Colorado Road Trip 2019 | On the way to Steamboat Springs

We left Winter Park (Fraser/Tabernash area) and headed across miles of some very flat arid wide open land to Steamboat Springs, Colorado.  Steamboat Ski Resort is an internationally known ski destination. It is a relatively new ski area, which started in 1963. I believe that is the same year that Waterville Valley here in New England (NH) started.  Nevertheless, we've been told that Steamboat Springs had the first organized skiing in Colorado (or was that in the west? or in the entire USA?), as a ski jumping hill was build there in 1914 by Norwegian Carl Howelsen. That original jump is no longer in use, but you can see it still at the Howelson Ski Area.  Next to the two old wooden jumps there are now two modern jumps, the largest being 114 meters. It is one of only several ski jump training areas left in the United States.

The Steamboat Ski Resort is huge.  It has 18 lifts, 169 trails, and has 2,965 skiable acres.  This makes it the fifth largest ski area in Colorado, based on skiable acres. But I see that only Snowmass has more vertical rise. This gives Steamboat almost twice the vertical rise and 14x the acreage of one of my favorite New England ski area, Waterville Valley

The town of Steamboat Springs is just a few miles away. It got started in 1873.  Ranching and mining were the main occupations.

The downtown area and the ski resort area are circled in blue on the screenshot below from Google maps. The green designates bike riding trails.  The trail through the town follows the Yampa River and is paved and flat.  Great for joggers, walkers, and strollers.

Starting 20 miles or more from Steamboat, we starting seeing yellow signs like this one in the middle of a cow pasture.  F.M. Light is a western clothing outfitter.


Colorado Road Trip 2019 | A Drive to Rand, Colorado

While still staying at the Wild Horse Inn, we spend the better part of a day driving out to Rand, Colorado. Rand is an unincorporated ranching community.  There is a post office that I learned later was established in 1883, though the current small building is clearly not the original. The population of Rand is 49.

All photos below taken with my Olympus E-M1 and 24-200 mm full frame equivalent zoom

This is a bit tongue in cheek.  There is no water around.  This is a pub.


Colorado Road Trip 2019 | Driving around county roads in Tabernash

Below are a few images taken while doing a bit of exploring on the dirt and gravel county roads around Tabernash and Fraser.  We decided we'd spend a morning getting lost. One road just got narrower and narrower and I was afraid I might not be able to turn around.  Fortunately I found a spot before I ran out of room.  Thankfully there was no one coming the other way.

Because we never knew where we'd be at lunch time, we kept a pretty full cooler.  Typically we picked up a nice fresh sandwich at Safeway or City Market.  They make great sandwiches (and its pretty hard to pass up Safeway's 2-for-$1 pastries and bagels.

You will see some snow covered ski trails at Winter Park, even though these images were taken in June.  Colorado had a record May snowfall.  Also, Winter Park's base is about 8,500' above sea level, which means it can pick up some late season snow.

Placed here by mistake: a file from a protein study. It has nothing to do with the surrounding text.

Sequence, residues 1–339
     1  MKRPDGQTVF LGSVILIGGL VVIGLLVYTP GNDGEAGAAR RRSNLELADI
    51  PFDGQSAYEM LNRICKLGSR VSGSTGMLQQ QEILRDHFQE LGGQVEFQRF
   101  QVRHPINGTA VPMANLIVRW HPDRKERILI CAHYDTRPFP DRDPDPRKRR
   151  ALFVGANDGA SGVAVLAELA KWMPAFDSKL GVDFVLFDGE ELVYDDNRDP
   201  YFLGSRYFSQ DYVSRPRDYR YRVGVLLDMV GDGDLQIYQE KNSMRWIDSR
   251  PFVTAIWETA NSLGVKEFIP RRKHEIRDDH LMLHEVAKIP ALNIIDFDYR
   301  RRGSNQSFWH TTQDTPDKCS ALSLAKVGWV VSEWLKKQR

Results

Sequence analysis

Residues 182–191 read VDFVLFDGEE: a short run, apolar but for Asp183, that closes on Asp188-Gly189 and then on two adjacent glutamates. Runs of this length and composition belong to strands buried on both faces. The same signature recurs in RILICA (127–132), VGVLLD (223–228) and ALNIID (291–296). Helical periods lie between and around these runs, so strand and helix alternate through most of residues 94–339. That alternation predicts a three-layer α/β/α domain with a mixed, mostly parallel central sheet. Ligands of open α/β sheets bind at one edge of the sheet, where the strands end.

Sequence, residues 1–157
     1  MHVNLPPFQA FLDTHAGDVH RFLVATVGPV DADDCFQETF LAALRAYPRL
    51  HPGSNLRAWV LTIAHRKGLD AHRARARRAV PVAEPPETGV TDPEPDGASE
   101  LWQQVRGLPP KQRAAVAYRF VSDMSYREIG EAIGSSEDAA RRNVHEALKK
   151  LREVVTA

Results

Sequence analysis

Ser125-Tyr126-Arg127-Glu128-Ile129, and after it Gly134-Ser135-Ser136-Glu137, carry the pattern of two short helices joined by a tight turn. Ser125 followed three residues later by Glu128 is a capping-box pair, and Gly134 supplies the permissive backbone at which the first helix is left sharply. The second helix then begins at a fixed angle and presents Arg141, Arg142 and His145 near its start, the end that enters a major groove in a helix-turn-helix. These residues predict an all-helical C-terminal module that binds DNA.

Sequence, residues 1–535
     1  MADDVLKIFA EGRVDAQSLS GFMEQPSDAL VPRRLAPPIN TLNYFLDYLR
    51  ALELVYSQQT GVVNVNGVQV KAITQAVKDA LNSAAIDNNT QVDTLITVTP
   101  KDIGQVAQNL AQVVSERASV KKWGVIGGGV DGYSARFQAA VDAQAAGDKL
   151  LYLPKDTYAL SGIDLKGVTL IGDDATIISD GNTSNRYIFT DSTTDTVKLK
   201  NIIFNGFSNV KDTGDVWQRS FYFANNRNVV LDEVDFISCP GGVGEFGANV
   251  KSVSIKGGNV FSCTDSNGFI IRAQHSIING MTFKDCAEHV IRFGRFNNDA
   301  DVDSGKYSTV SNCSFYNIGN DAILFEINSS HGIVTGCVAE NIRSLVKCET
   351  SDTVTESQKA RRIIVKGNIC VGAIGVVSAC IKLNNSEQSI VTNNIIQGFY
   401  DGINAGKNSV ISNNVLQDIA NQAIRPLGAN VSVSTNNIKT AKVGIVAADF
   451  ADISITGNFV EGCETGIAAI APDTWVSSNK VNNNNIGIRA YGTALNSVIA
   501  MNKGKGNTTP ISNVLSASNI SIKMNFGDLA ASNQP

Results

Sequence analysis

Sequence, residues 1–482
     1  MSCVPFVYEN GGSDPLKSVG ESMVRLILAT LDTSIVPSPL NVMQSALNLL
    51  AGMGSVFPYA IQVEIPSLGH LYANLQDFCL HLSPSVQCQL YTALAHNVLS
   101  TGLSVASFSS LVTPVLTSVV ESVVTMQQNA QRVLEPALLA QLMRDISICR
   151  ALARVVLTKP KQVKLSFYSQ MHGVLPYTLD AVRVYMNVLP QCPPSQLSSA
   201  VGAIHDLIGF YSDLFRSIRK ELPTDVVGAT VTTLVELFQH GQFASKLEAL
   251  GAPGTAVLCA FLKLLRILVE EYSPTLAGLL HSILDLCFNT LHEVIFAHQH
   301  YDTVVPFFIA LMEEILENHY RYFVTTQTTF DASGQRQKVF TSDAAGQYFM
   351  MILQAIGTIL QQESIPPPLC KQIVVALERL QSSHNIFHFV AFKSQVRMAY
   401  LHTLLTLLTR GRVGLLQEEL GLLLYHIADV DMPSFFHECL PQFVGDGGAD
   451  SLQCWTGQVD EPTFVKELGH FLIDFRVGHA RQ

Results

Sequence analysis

Aspens in some nice light


Colorado Road Trip 2019 | Wild Horse Inn

Perhaps the nicest place we stayed was the Wild Horse Inn.  It is in Tabernash, which is not far from Winter Park and Fraser.  It is from here that we drove to the west entrance to Rocky Mountain National Park.

We would have stayed at Wild Horse longer but our visit bumped into a weekend in which the inn had been booked full for quite a while because of a wedding.  I didn't take a photo of the large tent on the property, but the Wild Horse Inn is booked most summer weekends for wedding parties and receptions.

iPhone photo

Four shot panorama

Three shot vertical panorama

We did buy this mug to take home with us.

A bed and breakfast should always have a nice
breakfast like this.


Colorado Road Trip 2019 | Western Entrance to Rocky Mountain National Park

After spending a number of days visiting the eastern side of Rocky Mountain National Park (via the town of Estes Park), we moved over to the western side and stayed at a B&B in Tabernash called Wild Horse Inn.  This is located about 25 miles from the Kawuneeche Visitor Center entrance to the park and a few mile north of the resort of Winter Park where we would soon spend a couple of days in a small condo (Airbnb).

Below are a few images of the park on the western side.  You'll see plenty of snow as the Trail Ridge Road travels some of its distance over 11,000 feet above sea level. Plus there had been record snowfall in May. The roads are not treated with chemicals or salt, so it wasn't actually open for travel until the day before these photos were taken in June

Continental Divide

Continental Divide at Poudre Lake

Trail Ridge Road

The visitor center remained closed due to snow

Selfie opportunity

Farthest away: Longs Peak 14,259'

snow removal equipment

snow removal equipment


Colorado Road Trip 2019 | The Estes Park side of Rocky Mountain National Park

These photos were all taken from the eastern side of the Park over the course of several days.

Longs Peak.  14,000+ feet
(I climbed it in 1977)

Skiers were climbing and skinning to ski down through
trails that were once Hidden Valley Ski Area
(now defunct)

One cold morning at the Cabin

One cold morning at the Cabin
(Actually, it was cold enough to have a fire every morning)

Early morning light

There has to be trout in there!

Reflections of aspens and conifers

Volunteer at one of the main wildlife viewing sites.

My best moose photo

Bull elk

Two males practicing their battle techniques